Christmas with the KranksSo they begin putting this plan into action. This means no meaningless gifts for co-workers and asking them to do the same. It means no $90 Christmas Trees from the boy scouts (although might they have considered a small donation?).

And it means no Frosty on the roof to the ire of the rest of the neighborhood whose first place finish in the local decorations contest will be in jeopardy.

The neighborhood holds sway.  Once they hear of the Kranks’ desire to “skip Christmas,” they begin laying in on them. Luther holds his own for the most part. Nora begins to crumble.

The neighbors become a bit antagonistic, including the one across the street who is Luther’s nemesis, and who allows a local newspaper to get on his roof to snap a picture of the unlit house of the Kranks. Dan Aykroyd and Cheech Marin join in as well.  As does the local priest, adding a level of guilt when the Kranks aren’t at the mall to buy Christmas presents but to get a tan.

What surprised me most was the antagonism thrown at the Kranks for not buying presents, as if there wasn’t a greater sin.  Yes, they could have done more for charity — they cut all donations at Christmas too — but not being materialistic and getting out of control seemed like a good thing to me. Surely not buying cheap perfume from Wal*Mart would be a positive (but alas, someone complains and shows it’s a disappointment).

The film leads to a somewhat surprising end which clearly shows the true meaning of Christmas in my eyes.  A meal where those invited can’t come and so invitations fly out to whomever also has a biblical ring (I don’t want to say more than this).  However, when the plot turns to Christmas Eve and the priest makes another appearance, I had to laugh. No clergy person is ever free on Christmas Eve!

“Christmas with the Kranks” pleasantly surprised me.  The humor wasn’t crude, and the message rang true.  I’m giving it:



I’ll be more than happy to watch this one again in the years to come.

Next in the dvd player: “Prancer.”


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meet-me-in-st-louisMeet Me in St. Louis” was the 2nd highest vote getter from my readers.  With Judy Garland starring, I expected a bit of singing in that wonderful alto (technically contra-alto) voice of hers. And she certainly did that in this period musical.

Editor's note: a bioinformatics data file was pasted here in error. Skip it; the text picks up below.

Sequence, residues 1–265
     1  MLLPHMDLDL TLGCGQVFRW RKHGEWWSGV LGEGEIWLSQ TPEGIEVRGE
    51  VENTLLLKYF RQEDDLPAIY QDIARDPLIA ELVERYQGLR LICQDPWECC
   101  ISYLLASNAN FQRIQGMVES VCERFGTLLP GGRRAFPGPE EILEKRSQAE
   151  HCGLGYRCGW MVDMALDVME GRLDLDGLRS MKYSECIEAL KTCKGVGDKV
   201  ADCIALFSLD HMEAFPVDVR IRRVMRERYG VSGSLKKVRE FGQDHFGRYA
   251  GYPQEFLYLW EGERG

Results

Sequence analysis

Our story is of a wealthy St. Louis family in the time just before the 1904 World’s Fair. We meet the Smiths, a family with four daughters ranging in a age (the youngest, Tootie, is elementary age).  The oldest, Rose, awaits a phone call one evening from a young man attending Yale, and Esther (Judy Garland) tries to help her sister be free for the phone call by having the dinner hour changed.

Dad, Alonzo Smith, isn’t happy.  And, in fact, he’s quite a pill throughout the film. This story, told throughout the seasons, focuses on the family life, and Esther’s budding romance with the boy next door—John Truett, who has just moved in.  After the potential love interests get established in the summer, the tale jumps forward to late October.  Tootie gets hurt while partaking in some questionable Halloween activities and blames it on John Truett. Esther heads over to confront John, only to find out later he was trying to protect young Tootie.

In the midst of this, Dad comes with news. He tells the family that he is moving them all to New York for his job. It’s all about money and moving up and how much better New York would be. He sort of just announces this, with apparently no conversation with his wife whatsoever. The girls are all devastated, especially Esther. Who, when she went back to apologize with John, has her first kiss.

Which brings us to Christmas. It took awhile to set us up and get to this point, so some—like me—may question how this is a “Christmas film.” The center of the plot here is on the Christmas Eve dance and who’s going with whom and all that. Esther is going with John, of course, although at the very end he can’t make it because he didn’t get to the cleaner’s in enough time to get his tux. Esther’s grandfather swoops in to take her since they move in a just a few days.  While there, John appears for the last dance.

In the afterglow of the dance, John proposes, Esther accepts and wonders how they’l make it work since her family is moving. Once finally home Esther encounters a crying Tootie who cannot believe they are leaving St. Louis, and Esther sings the famous “Have Yourself a Merry Little Christmas,” (which is probably how this film gets the holiday tag).

Dad has second thoughts on Christmas Eve as he sees his daughters so distraught, and finally declares that he’s staying.

While set in 1903/4, you can understand a bit of the patriarchal stuff. On the other hand, it grates quite a bit. His change of heart does help redeem this movie some—I just wish his demeanor might have as well.  He never really apologizes—that would be seen as too soft, probably—and that does impact my feeling about this classic.

Given all this, I have to give it:



More could have been done to show the deeper meaning of apology and forgiveness from Dad. Musicals aren’t really my thing, but this is a solid movie none the less. I won’t feel my life is incomplete if I never watch it again, but some of my readers may disagree (it was the second highest vote getter). And Judy Garland singing “Have Yourself” is worth it alone.

Next to be viewed: “Christmas with the Kranks.”


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ChristmasVacaChristmas Vacation” stands as a Christmas favorite. It’s played on TV frequently over this season. I’ve seen the edited version a couple of times so knew what to expect; that expectation, of course, is with Chevy Chase I know I’ll get a few laughs.